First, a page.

NECO students at Charles River!
After a restful winter break, my classmates and I once again find ourselves deep into another packed semester. Spring semester of second year is similar to last fall: 6 classes, 3 labs, and of course, clinic once a week. While many of my classmates were moved to other clinics for this semester, many of us, myself included, remain at the same site for the whole year. I was placed at Charles River Community Health Center, a clinic that provides medical, dental, optometric, and pharmacy care to Allston, Brighton, and the surrounding neighborhoods. The building itself is relatively new and spacious, full of healthcare professions and other student doctors. The optometry clinic consists of 5 exam rooms and a full optical shop, so typically 5-6 NECO students are placed there each semester.
When we first started clinic back in September, my classmates and I were constantly swapping stories about our clinic experiences. We all started with different clinical expectation, preceptor expectations, clinic equipment, and patient population based on where we were doing our clinical rotations.
At Charles River, we second years were slowly eased into full exams. We began with a day of orientation where we learned the clinic rules, the computer system, and how to work all the equipment. The first few days of clinic, I only conducted case history and entrance tests with a helpful fourth year student in the room with me, and scribed for fourth years during more complicated exams. We also rotated through working in the optical shop, where we ordered, neutralized, and dispensed glasses. Working with real patients is distinctly more difficult than practicing with classmates in preclinic, and time management is a valuable and challenging skill. Gradually, I worked my way up until I was conducting almost the entire exam by midterms.
Charles River Community Health Center
Charles River has challenged my language skills as well as my clinic skills. There are many Spanish-speaking patients as you may expect, but we also see people from China, Haiti, Taiwan, and Brazil, just to name a few. In fact, I’ve probably seen only two or three patients who had English for their first language! My Spanish language skills have improved immeasurably since starting clinic here, and I had to learn how to effectively use an interpreter over the phone. This experience has taught me to be more direct and intentional with the words I choose when communicating with patients.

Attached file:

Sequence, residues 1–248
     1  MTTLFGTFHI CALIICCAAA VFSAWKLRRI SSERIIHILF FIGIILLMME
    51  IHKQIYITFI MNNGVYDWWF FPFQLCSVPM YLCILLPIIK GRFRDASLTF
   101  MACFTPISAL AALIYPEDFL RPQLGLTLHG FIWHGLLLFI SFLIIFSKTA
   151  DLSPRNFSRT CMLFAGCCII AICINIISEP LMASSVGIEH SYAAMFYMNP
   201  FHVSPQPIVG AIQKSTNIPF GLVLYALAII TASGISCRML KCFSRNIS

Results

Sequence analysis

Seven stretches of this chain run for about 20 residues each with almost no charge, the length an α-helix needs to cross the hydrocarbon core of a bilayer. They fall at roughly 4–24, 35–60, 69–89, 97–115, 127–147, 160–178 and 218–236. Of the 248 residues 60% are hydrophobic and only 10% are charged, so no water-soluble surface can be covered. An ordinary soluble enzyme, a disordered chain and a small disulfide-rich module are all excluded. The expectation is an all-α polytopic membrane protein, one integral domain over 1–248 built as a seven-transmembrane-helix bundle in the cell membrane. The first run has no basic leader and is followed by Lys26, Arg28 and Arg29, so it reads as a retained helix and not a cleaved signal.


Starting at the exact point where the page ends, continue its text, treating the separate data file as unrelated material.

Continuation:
One of the most enjoyable things about Charles River is the opportunity to work with upperclassmen, my classmates, and preceptors. I went into clinic feeling like I knew absolutely nothing about conducting an exam, and the upperclassmen and my preceptor have been incredibly kind and patient with me. I am learning so much from them about patient care and clinical pearls. If I don’t have a patient, I often will observe another student’s exam, watching how they interact with patients and giving me a different perspective. After each day of clinic, our preceptor comes into the student room and we informally discuss the cases for the day and talk about treatment plans.
In such a demanding optometry program, it’s impossible not to caught up in the stress of classes and grades. However, each week, I look forward to working in clinic where I can have some hands-on learning, be mentored by a preceptor, and interact one-on-one with patients. Each clinic day is challenging, yet refreshing. Being in clinic reminds me why I chose this profession and what more I have to look forward to in the years to come.